Quantitative Research Techniques (1/2)
In this lesson, you’re expected to:
– understand the main characteristics of quantitative research
– learn when you should use quantitative research
– discover the advantages and limitations of quantitative techniques
Quantitative methods emphasize objective measurements and the statistical, mathematical, or numerical analysis of data collected through polls, questionnaires, and surveys, or by manipulating pre-existing statistical data using computational techniques. Quantitative research focuses on gathering numerical data and generalizing it across groups of people or to explain a particular phenomenon. *
Quantitative research methods describe and measure the level of occurrences on the basis of numbers and calculations. Moreover, the questions of “how many?” and “how often?” are often asked in quantitative studies.
Your goal in conducting a quantitative research study is to determine the relationship between one thing [an independent variable] and another [a dependent variable] within a population.
Quantitative research designs are either descriptive (subjects usually measured once) or experimental (subjects measured before and after a treatment).
A descriptive study establishes only associations between variables while an experimental study establishes causality.
Quantitative research deals in numbers, logic, and an objective stance. It focuses on numeric and unchanging data and detailed, convergent reasoning rather than divergent reasoning (i.e., the generation of a variety of ideas about a research problem in a spontaneous, free-flowing manner).
• The data is usually gathered using structured research instruments.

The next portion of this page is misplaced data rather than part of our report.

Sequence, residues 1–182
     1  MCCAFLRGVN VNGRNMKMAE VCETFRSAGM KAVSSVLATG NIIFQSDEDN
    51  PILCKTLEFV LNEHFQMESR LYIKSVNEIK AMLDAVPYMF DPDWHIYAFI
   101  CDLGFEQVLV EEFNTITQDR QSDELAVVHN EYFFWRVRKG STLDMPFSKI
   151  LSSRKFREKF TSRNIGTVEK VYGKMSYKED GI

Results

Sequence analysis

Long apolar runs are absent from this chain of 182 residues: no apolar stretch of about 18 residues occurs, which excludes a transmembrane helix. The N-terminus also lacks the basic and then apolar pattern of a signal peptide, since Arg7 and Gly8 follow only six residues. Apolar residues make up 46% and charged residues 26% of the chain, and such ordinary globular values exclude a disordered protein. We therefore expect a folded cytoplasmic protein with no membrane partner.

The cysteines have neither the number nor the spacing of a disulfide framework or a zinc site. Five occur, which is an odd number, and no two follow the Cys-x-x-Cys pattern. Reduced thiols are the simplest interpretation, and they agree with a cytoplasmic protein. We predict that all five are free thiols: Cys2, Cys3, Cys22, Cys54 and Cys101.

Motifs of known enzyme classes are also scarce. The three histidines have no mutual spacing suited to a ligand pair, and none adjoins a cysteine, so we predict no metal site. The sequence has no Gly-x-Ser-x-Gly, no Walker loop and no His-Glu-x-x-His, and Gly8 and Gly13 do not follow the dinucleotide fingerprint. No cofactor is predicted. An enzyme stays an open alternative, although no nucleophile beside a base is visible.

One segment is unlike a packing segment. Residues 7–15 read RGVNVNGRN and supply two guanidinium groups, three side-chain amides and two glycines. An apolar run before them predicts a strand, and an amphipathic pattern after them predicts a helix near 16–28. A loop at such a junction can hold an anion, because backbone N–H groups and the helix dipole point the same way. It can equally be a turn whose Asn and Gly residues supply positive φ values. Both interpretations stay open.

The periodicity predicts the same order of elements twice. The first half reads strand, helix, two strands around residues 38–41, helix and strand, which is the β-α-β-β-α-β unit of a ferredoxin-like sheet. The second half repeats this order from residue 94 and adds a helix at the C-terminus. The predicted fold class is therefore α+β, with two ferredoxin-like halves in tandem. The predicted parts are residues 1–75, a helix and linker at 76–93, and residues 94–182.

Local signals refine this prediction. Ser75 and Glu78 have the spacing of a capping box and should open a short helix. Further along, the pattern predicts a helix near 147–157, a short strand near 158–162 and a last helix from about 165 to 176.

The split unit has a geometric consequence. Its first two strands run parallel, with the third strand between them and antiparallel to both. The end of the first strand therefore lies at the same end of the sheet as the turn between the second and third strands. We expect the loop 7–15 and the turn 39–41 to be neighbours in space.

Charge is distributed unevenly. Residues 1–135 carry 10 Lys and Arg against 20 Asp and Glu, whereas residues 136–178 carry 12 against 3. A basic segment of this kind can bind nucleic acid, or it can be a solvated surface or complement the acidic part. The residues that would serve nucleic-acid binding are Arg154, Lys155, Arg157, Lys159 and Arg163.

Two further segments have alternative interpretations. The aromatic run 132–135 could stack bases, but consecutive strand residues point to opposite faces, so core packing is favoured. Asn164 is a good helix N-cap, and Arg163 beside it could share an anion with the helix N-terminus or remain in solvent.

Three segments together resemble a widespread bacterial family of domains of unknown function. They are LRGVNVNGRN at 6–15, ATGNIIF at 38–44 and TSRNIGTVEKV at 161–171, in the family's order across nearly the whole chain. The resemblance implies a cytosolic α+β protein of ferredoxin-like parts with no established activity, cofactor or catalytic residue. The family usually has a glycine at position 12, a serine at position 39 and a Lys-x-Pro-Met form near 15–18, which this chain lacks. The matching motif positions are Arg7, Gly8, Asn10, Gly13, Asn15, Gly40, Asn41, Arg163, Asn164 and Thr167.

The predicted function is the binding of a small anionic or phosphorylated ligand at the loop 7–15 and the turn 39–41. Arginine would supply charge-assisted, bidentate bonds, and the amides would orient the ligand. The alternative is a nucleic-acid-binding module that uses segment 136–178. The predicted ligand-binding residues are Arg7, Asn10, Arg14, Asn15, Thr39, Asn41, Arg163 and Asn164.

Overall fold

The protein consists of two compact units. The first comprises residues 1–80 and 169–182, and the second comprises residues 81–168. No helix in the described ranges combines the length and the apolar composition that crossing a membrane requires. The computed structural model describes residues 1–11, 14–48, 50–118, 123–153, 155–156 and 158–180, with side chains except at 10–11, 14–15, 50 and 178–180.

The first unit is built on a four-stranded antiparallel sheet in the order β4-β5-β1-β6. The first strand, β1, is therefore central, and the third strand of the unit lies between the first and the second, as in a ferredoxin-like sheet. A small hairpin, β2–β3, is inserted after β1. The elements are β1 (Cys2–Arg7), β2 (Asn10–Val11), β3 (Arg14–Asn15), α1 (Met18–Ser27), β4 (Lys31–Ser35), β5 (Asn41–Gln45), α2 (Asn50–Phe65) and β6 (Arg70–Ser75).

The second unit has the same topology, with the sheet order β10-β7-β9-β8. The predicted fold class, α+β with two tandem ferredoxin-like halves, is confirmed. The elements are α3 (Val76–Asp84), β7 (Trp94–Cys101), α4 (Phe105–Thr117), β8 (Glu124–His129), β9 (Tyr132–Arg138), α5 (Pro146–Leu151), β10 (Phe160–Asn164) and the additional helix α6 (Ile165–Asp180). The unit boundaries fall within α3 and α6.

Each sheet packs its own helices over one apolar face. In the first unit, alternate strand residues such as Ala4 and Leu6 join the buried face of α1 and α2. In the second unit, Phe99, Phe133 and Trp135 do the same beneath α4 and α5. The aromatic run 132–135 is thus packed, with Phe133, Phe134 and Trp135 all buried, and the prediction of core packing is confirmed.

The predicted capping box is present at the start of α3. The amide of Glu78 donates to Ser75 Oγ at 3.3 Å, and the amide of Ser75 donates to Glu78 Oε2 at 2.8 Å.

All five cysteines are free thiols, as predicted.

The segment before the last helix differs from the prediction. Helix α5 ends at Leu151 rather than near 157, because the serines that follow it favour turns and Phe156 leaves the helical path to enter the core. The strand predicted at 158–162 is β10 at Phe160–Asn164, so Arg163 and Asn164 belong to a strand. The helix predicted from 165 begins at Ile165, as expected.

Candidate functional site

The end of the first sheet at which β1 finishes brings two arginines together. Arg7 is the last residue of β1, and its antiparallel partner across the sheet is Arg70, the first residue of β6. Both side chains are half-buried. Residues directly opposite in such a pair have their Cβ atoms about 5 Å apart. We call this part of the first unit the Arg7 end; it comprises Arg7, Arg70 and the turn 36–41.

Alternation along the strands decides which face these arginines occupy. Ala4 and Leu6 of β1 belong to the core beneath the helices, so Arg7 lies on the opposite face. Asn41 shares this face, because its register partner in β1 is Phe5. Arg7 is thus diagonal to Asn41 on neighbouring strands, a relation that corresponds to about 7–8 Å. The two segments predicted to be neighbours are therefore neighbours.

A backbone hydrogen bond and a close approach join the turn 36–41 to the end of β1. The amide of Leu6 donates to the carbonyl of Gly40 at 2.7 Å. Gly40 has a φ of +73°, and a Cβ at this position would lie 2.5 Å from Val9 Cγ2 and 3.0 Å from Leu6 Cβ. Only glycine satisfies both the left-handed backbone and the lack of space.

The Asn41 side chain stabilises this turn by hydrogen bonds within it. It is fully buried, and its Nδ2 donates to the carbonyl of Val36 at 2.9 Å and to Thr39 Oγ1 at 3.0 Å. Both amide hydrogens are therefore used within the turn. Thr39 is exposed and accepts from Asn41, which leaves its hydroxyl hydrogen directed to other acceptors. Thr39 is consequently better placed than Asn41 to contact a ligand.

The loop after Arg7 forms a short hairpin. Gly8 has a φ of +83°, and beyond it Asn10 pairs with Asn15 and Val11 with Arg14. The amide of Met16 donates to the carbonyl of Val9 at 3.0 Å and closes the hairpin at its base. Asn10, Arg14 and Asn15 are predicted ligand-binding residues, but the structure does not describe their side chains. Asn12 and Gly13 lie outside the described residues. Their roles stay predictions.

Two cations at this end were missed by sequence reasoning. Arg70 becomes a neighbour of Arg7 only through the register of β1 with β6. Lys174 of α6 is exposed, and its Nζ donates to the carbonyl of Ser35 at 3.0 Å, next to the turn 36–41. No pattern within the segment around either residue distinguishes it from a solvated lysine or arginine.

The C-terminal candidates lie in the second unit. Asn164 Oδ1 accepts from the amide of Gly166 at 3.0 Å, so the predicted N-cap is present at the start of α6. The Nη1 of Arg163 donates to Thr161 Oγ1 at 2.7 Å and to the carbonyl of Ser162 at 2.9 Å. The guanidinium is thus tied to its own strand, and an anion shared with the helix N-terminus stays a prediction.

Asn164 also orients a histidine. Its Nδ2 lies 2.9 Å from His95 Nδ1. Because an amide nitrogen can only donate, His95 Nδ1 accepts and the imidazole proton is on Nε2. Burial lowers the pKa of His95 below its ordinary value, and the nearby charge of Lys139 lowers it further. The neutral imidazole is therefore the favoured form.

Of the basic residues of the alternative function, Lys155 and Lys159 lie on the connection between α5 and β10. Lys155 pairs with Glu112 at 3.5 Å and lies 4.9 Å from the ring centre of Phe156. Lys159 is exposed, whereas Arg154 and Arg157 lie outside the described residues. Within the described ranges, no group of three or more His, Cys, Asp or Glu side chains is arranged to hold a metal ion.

• The results are based on larger sample sizes that are representative of the population.
• The research study can usually be replicated or repeated, given its high reliability.
• Researcher has a clearly defined research question to which objective answers are sought.
• Data are in the form of numbers and statistics, often arranged in tables, charts, figures, or other non-textual forms.
• It can be used to generalize concepts more widely, predict future results, or investigate causal relationships.
• Researcher uses tools, such as questionnaires or computer software, to collect numerical data.
The overarching aim of a quantitative research study is to classify features, count them, and construct statistical models in an attempt to explain what is observed.
Quantitative researchers try to recognize and isolate specific variables contained within the study framework, seek correlation, relationships and causality, and attempt to control the environment in which the data is collected to avoid the risk of variables, other than the one being studied, accounting for the relationships identified.
• Allows for a broader study, involving a greater number of subjects, and enhancing the generalization of the results;
• Allows for greater objectivity and accuracy of results.
• The research can be replicated, and then analyzed and compared with similar studies – ensures validity and reliability;
• You can summarize vast sources of information and make comparisons across categories and over time;